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2010: A Bad Year For Incomplete Gifts to Non-Grantor Trusts

The IRS has published Notice 2010-19 (IRB 2010-7, Feb. 16, 2010). The Notice provides guidance on the effect of IRC Section 2511(c). ┬áSection 2511(c), enacted as section 511(e) of EGTRRA in 2001, and amended by section 411(g)(1) of the Job Creation and Worker Assistance Act of 2002, provides that “a transfer in trust shall be treated as a transfer of property by gift, unless the trust is treated as wholly owned by the donor or the donor’s spouse under [the grantor trust rules in Code Sections 671 to 679].”

It is effective for gifts made after December 31, 2009 but before January 1, 2011.

Before Section 2511(c) became effective on January 1, 2010, transfers into trusts would be treated as incomplete gifts if, for instance, the donor retained a special testamentary power of appointment. As an incomplete gift, such transfers would not have been subject to the gift tax.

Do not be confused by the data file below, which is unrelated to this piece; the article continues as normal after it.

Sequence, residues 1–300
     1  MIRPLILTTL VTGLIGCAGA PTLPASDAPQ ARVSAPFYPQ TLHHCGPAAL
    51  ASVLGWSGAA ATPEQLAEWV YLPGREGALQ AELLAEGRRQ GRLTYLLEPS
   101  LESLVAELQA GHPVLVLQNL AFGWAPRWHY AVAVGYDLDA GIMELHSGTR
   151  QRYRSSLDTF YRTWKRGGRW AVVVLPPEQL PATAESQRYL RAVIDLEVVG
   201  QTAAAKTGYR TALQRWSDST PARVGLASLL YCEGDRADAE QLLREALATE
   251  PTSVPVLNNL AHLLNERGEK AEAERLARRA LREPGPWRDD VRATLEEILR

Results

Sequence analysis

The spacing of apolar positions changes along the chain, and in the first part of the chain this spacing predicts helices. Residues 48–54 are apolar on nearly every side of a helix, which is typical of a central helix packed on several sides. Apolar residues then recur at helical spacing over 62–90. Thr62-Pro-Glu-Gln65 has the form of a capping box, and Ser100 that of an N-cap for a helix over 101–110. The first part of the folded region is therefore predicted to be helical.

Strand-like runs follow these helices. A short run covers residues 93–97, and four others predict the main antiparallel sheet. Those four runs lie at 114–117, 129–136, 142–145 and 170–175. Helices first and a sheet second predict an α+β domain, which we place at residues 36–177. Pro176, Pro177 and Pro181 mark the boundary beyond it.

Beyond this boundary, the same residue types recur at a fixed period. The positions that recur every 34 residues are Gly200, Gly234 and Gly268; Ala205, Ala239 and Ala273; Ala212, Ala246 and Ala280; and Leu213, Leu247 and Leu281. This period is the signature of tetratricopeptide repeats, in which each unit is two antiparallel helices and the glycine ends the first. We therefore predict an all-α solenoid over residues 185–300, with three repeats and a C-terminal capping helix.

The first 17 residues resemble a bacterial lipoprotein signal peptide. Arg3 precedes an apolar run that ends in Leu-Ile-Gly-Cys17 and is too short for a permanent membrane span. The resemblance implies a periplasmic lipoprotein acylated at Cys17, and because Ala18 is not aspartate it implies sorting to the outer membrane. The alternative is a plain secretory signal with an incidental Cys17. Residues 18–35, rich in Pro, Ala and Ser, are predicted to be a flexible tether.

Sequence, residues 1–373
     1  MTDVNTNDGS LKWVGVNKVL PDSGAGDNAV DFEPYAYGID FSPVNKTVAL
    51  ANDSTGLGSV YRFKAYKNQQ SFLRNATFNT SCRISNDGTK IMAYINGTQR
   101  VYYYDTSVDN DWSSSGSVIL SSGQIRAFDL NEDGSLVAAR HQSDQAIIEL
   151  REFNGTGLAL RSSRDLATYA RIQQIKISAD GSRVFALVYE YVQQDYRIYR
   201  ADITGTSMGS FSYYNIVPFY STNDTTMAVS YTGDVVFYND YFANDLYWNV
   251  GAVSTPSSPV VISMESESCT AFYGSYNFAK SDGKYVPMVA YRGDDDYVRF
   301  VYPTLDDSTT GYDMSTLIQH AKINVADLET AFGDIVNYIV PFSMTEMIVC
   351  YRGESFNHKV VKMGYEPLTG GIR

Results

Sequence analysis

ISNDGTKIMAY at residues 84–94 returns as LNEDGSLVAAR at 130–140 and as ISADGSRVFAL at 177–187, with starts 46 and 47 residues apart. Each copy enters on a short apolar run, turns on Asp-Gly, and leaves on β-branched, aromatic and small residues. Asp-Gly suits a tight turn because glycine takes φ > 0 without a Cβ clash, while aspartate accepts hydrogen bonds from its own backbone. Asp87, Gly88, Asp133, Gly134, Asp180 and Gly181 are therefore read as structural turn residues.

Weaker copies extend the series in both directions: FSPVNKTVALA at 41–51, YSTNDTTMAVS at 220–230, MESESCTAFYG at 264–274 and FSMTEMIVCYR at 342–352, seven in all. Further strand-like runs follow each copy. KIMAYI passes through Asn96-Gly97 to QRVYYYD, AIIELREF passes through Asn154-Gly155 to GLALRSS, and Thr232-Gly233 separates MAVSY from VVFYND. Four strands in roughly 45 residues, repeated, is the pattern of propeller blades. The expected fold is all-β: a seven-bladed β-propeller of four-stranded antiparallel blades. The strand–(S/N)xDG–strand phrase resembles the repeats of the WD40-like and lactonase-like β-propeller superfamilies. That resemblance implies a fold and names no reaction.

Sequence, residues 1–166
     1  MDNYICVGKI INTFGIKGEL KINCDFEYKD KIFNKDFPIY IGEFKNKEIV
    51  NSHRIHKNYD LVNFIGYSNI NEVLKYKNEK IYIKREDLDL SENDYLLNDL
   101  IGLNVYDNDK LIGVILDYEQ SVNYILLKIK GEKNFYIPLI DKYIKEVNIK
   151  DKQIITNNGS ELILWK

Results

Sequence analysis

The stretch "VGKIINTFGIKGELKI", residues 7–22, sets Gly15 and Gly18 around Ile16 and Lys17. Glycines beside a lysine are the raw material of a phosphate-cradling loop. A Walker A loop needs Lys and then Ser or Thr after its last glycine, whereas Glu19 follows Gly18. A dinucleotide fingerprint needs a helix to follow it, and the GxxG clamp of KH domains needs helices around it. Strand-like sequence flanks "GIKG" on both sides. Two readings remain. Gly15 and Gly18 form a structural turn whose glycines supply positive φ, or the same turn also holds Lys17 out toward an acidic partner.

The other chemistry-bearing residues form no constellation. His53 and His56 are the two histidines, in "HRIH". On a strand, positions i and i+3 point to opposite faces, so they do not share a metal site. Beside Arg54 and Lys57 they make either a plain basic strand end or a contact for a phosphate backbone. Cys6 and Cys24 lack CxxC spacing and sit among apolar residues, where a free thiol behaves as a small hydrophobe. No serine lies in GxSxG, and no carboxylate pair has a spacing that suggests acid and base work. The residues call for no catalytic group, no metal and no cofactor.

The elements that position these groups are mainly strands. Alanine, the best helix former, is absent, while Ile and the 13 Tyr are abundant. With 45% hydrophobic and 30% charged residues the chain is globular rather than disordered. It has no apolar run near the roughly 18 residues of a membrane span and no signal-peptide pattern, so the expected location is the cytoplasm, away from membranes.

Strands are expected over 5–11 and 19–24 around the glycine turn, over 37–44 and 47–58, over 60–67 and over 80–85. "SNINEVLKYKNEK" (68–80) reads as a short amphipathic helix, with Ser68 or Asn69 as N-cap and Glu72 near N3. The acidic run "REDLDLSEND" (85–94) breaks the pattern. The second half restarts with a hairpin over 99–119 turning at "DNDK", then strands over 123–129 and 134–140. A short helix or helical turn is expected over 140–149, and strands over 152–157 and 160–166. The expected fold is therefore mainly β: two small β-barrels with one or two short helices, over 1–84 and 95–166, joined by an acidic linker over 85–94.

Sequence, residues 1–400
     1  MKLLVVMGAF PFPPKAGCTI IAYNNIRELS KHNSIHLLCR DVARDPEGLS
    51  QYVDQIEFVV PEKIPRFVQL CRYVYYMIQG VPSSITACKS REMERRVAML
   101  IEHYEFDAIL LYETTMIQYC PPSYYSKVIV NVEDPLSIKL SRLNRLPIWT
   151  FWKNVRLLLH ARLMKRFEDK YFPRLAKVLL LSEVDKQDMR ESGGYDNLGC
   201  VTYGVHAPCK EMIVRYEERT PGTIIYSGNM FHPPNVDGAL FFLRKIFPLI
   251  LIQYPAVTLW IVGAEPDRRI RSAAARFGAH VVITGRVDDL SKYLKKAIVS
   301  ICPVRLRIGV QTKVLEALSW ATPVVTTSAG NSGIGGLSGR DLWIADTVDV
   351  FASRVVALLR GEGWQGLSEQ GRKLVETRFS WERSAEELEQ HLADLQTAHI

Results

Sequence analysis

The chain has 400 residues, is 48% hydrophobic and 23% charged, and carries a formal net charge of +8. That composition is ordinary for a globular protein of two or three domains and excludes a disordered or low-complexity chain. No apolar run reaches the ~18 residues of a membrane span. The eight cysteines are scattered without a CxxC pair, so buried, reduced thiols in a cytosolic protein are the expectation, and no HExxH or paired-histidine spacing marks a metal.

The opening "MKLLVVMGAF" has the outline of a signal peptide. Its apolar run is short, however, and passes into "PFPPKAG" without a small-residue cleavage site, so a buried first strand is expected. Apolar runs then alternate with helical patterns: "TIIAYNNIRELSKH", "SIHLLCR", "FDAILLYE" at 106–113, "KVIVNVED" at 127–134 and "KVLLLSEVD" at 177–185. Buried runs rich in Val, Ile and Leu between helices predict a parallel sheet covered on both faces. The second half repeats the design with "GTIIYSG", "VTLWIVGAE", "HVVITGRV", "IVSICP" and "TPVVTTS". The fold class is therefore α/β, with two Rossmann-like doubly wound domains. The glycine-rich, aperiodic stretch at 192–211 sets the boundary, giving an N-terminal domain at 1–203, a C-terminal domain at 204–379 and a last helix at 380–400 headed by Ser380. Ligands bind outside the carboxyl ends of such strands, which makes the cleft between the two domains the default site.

Now, after Section 2511(c) has become effective, a transfer into a trust is a per se completed gift, unless the transfer is made into a wholly grantor trust.

Before 2010, non-grantor trusts were common tools in Delaware trust planning for certain liquidity events. Section 2511(c) has changed the weather for estate planners throughout the nation, as well as in Wilmington….

(Wilmington, in the bulls-eye of this satellite photo) received 3 feet of snow last week.)
(Wilmington, in the bulls-eye of this satellite photo) received 3 feet of snow last week.)
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